Copyleft is a play on the word copyright to describe the practice of using copyright law to offer the right to distribute copies and modified versions of a work and requiring that the same rights be preserved in modified versions of the work. In other words, copyleft is a general method for making a program, or other work of art, completely free, and requiring all modified and extended versions of the program to be free as well.
In general, copyright law is used by an author to prohibit others from reproducing, adapting, or distributing copies of the author’s work. In contrast, under copyleft, an author may give every person who receives a copy of a work permission to reproduce, adapt or distribute it and require that any resulting copies or adaptations are also bound by the same policy and philosophy.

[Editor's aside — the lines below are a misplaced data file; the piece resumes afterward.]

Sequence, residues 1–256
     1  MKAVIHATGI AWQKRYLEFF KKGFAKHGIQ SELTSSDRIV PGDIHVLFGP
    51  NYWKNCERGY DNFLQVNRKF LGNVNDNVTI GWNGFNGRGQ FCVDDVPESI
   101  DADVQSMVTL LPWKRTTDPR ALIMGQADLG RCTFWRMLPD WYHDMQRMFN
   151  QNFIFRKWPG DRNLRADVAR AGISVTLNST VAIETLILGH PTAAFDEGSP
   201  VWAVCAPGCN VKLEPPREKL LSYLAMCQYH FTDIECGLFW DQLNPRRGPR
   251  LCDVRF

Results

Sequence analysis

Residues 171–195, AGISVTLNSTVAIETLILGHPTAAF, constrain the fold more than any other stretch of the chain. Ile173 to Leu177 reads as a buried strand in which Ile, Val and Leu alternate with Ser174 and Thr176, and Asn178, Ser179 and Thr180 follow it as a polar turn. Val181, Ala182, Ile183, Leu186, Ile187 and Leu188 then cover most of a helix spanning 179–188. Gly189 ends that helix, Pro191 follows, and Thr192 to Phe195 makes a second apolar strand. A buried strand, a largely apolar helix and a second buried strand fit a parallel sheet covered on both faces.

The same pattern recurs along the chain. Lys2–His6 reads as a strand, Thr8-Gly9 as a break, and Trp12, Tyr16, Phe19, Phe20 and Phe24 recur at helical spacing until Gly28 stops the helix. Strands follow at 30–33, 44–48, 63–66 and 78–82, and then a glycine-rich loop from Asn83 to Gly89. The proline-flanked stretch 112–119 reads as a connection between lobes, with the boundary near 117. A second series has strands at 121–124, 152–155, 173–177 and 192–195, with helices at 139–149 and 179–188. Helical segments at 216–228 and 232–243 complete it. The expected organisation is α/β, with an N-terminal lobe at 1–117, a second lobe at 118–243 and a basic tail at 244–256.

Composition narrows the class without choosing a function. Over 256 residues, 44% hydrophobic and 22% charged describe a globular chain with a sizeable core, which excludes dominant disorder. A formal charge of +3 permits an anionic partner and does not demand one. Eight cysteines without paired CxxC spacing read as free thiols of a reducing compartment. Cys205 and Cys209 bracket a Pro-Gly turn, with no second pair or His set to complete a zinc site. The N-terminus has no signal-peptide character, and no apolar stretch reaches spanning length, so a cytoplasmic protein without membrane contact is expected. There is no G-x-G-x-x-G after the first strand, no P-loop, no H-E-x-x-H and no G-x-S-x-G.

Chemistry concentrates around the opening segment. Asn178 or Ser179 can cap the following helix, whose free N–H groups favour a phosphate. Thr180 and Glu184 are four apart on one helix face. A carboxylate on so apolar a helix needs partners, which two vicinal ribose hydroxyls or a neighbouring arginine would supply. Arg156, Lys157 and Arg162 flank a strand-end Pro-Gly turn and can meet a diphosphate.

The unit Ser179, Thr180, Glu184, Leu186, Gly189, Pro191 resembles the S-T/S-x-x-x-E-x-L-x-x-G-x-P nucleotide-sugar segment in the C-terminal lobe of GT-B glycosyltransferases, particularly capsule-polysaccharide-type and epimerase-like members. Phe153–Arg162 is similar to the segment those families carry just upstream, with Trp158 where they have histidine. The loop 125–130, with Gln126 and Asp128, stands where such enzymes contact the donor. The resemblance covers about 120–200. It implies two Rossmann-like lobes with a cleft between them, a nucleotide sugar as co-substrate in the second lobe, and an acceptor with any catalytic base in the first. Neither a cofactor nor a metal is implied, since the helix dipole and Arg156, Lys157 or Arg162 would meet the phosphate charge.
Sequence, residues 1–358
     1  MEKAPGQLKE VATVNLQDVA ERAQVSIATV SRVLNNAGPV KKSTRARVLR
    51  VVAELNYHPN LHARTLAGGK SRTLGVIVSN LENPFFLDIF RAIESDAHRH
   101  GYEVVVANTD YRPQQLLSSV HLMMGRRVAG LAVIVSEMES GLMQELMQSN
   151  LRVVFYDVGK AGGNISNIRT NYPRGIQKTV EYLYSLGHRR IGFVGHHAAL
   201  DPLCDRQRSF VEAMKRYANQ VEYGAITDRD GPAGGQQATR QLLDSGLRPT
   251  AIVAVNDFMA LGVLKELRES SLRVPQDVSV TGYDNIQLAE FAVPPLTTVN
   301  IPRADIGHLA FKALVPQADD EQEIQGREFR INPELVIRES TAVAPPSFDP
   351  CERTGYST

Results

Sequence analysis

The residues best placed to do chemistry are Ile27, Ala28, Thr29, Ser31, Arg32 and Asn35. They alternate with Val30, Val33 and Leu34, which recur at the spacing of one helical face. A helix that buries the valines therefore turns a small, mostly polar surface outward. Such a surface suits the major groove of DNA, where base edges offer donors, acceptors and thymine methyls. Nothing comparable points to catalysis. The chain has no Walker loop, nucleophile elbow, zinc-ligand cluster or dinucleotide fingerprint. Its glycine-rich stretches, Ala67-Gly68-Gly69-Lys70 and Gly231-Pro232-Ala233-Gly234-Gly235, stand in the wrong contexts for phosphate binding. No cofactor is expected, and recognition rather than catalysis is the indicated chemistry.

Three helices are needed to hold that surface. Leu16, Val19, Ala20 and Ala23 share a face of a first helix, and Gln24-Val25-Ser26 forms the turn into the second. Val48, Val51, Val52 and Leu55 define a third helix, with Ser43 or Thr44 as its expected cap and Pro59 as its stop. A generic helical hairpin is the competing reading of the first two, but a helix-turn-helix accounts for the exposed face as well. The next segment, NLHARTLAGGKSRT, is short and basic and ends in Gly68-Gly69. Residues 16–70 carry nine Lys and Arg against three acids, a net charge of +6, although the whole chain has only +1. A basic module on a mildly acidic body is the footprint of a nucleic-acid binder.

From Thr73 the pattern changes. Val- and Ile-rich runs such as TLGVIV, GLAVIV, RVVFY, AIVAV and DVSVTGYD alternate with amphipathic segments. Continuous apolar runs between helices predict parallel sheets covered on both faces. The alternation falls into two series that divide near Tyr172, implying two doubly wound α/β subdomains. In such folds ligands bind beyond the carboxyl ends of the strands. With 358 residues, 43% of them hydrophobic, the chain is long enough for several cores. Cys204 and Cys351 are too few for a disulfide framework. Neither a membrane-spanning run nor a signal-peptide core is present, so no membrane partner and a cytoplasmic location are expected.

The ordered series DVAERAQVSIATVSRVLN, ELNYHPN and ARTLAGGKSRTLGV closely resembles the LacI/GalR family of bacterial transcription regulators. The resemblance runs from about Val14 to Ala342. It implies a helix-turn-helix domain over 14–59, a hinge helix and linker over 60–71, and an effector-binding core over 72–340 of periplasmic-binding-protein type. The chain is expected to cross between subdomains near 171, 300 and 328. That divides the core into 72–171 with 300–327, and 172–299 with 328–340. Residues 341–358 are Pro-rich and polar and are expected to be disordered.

The GNU General Public License, originally written by Richard Stallman, was the first copyleft license to see extensive use, and continues to dominate the licensing of copylefted software. Creative Commons, a non-profit organization founded by Lawrence Lessig, provides a similar license called ShareAlike.